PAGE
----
I Was Robbed at Gunpoint in a South African Township - OZY | A Modern Media Company

I Was Robbed at Gunpoint in a South African Township

I Was Robbed at Gunpoint in a South African Township

By Nick Dall


Because while guns alone don’t kill people, people with guns do kill people.

By Nick Dall

I didn’t think much of it when a guy in a gray sweater stepped in front of our car. The normal rules of the road don’t really apply in South Africa’s townships, where potholes and pedestrians mean you can’t ever do more than 20 miles per hour. In fact, I registered his presence only when he pulled a gun out of his jeans and pointed it straight at us.

I was in Port Elizabeth researching a “good news” story on a few different township initiatives: a guy who farms a mind-boggling array of vegetables on a patch of land next to his shack; a single mother who’s started a recycling depot; some youngsters who taught themselves to make leather shoes. In the car with me were my buddy Des — the photographer assigned to the story — and two community architects who were showing us around.

But now events had taken a turn for the worse. Des, who was driving the snazzy media car we’d scored for the trip, slammed on the brakes and — persuaded by a gun barrel knocking against his window — unlocked the doors. Instantly, there was at least one robber at every door. “We will fuck you,” they said as they rifled through our pockets and demanded our wallets and cellphones. “We will fuck you.”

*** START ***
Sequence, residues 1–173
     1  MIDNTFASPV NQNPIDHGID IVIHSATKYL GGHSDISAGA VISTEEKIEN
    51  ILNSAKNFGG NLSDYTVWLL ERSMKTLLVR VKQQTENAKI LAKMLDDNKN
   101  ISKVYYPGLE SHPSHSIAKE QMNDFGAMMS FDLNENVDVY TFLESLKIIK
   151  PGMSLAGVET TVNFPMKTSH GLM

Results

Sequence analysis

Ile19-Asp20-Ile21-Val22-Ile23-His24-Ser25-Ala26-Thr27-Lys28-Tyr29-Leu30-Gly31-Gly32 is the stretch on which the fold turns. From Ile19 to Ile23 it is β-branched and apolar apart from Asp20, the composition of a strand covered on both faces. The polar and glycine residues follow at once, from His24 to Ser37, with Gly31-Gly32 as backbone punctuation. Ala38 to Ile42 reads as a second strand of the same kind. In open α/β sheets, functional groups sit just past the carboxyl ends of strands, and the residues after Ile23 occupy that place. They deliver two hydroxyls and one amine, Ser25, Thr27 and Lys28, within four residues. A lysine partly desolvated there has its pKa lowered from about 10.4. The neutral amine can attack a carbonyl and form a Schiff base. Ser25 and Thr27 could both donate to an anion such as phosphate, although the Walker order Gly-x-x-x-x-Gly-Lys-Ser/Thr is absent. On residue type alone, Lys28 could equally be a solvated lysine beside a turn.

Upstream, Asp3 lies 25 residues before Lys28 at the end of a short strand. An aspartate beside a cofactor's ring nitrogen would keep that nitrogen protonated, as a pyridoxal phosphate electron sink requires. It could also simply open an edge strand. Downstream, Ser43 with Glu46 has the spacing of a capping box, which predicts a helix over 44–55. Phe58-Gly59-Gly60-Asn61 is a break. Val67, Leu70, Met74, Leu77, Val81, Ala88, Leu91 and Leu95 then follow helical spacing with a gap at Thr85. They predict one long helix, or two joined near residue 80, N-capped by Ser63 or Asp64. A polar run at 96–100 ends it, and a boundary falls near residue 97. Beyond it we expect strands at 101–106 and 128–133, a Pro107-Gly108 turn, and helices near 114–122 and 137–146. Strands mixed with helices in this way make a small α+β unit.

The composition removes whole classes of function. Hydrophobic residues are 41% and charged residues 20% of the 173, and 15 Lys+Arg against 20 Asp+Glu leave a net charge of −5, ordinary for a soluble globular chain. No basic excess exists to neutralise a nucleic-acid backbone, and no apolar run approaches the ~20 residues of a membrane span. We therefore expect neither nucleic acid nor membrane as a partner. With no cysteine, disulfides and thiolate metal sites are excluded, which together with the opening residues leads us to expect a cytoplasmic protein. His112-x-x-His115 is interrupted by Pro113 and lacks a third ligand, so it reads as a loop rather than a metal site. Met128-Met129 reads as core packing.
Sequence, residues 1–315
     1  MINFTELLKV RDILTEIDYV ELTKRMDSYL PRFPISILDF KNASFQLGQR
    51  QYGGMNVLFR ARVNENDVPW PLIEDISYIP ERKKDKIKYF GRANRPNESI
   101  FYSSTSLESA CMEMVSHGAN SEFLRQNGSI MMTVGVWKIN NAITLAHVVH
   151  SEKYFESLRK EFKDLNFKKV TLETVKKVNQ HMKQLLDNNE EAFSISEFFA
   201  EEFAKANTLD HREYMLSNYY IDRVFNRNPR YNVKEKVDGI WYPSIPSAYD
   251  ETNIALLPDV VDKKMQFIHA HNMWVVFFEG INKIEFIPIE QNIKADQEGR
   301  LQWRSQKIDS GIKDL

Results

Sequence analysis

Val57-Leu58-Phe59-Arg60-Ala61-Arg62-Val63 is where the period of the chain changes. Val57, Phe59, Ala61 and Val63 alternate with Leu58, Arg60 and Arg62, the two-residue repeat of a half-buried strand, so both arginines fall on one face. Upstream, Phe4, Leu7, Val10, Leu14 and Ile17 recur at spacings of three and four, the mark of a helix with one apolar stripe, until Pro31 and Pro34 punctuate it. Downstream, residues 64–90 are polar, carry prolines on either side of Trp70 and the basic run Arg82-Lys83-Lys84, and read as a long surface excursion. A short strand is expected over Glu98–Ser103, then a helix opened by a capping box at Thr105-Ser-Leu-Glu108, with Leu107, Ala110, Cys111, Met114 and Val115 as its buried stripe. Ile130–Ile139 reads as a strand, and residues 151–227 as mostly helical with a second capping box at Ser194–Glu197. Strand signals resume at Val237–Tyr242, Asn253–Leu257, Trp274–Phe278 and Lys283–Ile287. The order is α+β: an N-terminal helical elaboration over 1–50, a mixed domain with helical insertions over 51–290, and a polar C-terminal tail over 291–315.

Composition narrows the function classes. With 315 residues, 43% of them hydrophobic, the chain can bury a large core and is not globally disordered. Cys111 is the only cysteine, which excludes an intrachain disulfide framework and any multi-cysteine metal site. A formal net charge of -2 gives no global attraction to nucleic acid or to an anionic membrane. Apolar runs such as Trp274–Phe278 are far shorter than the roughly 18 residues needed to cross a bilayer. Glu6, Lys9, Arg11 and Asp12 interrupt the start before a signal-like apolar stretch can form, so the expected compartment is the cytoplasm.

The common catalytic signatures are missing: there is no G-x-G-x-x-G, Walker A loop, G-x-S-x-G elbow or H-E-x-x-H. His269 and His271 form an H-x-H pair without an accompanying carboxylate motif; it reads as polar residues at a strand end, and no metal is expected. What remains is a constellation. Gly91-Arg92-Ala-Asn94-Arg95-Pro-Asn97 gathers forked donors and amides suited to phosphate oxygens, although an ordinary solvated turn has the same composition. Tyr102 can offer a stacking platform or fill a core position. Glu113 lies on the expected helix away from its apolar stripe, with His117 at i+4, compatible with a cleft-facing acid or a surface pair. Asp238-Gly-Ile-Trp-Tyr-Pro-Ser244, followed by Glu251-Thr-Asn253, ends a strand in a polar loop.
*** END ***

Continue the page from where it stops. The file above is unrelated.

Des was having a harder time of things. “I don’t have my wallet … I forgot it at the hotel.” For a moment I thought they would believe him.

I don’t remember being scared; I just wanted it all to end quickly. I was pissed off about losing the interview recordings on my phone, but super relieved when my wallet was thrown back at me after the cash was removed. I’d just renewed my driver’s license and didn’t want to go through the nightmare of getting it again. I thought about handing the robbers the small camera that was hidden beneath my seat but decided against it. I wanted to hang on to some sort of power.


To my right, Des was having a harder time of things. “I don’t have my wallet,” he half-lied as a hand thrust into his pocket and a gun wobbled around his chest. “I forgot it at the hotel.” For a moment I thought they would believe him. In fact, they even seemed to beckon for us to drive on. But then the guy with the gun had a change of heart and started banging on the trunk for Des to open it.

I swiveled my neck around and watched in disbelief as six guys walked — watched by at least a dozen��innocent bystanders — down a side street with our suitcases and camera bags on their shoulders. “They’ve taken everything,” I thought, cataloging the monetary and emotional value of all the equipment, clothes, photographs and data we’d lost. But, really, they hadn’t.


Desmond Louw: a partner in robbery

Source Photo by Desmond Louw